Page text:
[COLOR=#000000][FONT=Courier New]        Status: ACTIVE[/FONT][/COLOR]
    
    [B][COLOR=#000000][FONT=Courier New]     inbound ah sas:[/FONT][/COLOR]
    
    [COLOR=#000000][FONT=Courier New]     inbound pcp sas:[/FONT][/COLOR][/B]
    
    [COLOR=#000000][FONT=Courier New]     outbound esp sas:[/FONT][/COLOR]
    [COLOR=#000000][FONT=Courier New]      spi: 0x51614C36(136533099[IMG]https://us.v-cdn.net/6030959/uploads/images/smilies/icon_cool.gif[/IMG][/FONT][/COLOR]
    [COLOR=#000000][FONT=Courier New]        transform: esp-aes esp-sha-hmac ,[/FONT][/COLOR]
    [COLOR=#D100FF][FONT=Courier New][B]        in use settings ={Tunnel UDP-Encaps, }[/B][/FONT][/COLOR]
    [COLOR=#000000][FONT=Courier New]        conn id: 2, flow_id: SW:2, crypto map: CMAP[/FONT][/COLOR]
    [COLOR=#000000][FONT=Courier New]        sa timing: remaining key lifetime (k/sec): (4580629/292[IMG]https://us.v-cdn.net/6030959/uploads/images/smilies/icon_cool.gif[/IMG][/FONT][/COLOR]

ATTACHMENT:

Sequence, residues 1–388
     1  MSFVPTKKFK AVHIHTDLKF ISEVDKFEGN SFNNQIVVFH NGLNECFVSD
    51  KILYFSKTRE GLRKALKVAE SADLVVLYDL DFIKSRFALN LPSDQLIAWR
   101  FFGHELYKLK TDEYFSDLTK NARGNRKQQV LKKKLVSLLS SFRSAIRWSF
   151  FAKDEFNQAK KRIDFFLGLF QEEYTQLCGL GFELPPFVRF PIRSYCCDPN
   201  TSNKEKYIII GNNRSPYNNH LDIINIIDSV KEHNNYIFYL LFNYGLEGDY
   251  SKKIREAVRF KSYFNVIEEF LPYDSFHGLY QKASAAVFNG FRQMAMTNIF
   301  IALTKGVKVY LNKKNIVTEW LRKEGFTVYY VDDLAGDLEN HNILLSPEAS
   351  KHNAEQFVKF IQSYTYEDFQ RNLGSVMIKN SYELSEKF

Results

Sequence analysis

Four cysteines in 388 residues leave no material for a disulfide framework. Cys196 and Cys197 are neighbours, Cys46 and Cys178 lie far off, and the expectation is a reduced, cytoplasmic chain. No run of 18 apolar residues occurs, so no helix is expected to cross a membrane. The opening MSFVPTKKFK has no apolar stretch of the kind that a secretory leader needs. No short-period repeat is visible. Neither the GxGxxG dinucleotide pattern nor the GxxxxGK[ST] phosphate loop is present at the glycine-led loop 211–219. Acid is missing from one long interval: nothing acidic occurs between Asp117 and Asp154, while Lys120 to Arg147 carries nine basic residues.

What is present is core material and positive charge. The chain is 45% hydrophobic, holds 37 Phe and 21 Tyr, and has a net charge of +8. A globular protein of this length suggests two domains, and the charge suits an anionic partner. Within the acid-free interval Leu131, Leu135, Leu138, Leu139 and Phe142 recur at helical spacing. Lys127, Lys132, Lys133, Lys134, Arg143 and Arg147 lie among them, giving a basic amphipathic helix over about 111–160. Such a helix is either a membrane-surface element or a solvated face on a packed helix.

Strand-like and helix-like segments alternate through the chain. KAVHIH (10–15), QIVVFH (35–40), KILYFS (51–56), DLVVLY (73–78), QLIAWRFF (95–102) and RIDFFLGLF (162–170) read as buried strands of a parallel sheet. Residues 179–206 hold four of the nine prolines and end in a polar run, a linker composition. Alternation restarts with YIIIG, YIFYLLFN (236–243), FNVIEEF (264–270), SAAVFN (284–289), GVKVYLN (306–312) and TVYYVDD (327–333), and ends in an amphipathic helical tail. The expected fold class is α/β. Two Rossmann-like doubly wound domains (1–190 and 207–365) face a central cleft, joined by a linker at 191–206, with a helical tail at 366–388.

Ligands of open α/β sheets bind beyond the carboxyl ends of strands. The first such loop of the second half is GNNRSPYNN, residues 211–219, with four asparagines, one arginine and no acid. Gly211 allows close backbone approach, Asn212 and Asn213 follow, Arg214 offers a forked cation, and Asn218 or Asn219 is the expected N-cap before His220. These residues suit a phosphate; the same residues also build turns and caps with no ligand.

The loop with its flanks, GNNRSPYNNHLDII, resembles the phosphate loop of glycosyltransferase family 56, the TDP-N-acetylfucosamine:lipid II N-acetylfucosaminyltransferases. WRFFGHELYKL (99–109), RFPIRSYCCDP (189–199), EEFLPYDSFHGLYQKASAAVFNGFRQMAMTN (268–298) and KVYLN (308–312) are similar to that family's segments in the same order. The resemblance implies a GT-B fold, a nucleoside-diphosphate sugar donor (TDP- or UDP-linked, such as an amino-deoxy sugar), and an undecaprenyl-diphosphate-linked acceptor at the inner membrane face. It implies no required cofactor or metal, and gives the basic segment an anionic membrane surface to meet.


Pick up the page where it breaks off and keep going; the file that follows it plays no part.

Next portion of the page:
[COLOR=#000000][FONT=Courier New]        IV size: 16 bytes[/FONT][/COLOR]
    [COLOR=#000000][FONT=Courier New]        replay detection support: Y[/FONT][/COLOR]
    [COLOR=#000000][FONT=Courier New]        Status: ACTIVE[/FONT][/COLOR]
    
    [COLOR=#000000][FONT=Courier New]     outbound ah sas:[/FONT][/COLOR]
    
    [COLOR=#000000][FONT=Courier New]     outbound pcp sas:[/FONT][/COLOR]
    
    

    Hope that helped!
  • theodoxatheodoxa Posts: 1,340Member
    Without NAT, all negotiations use UDP 500.
    With NAT, the first 2 exchanges use UDP 500 and then (starting with certificate exchange), they use UDP 4500 from there on out.

    Device A --> Device B (UDP 500)
    Device A <-- Device B (UDP 500)
    Device A --> Device B (UDP 500)
    Device A <-- Device B (UDP 500)
    Device A --> Device B (UDP 4500 - Device A Sends its Certificate)
    Device A <-- Device B (UDP 4500 - Device B Sends its Certificate)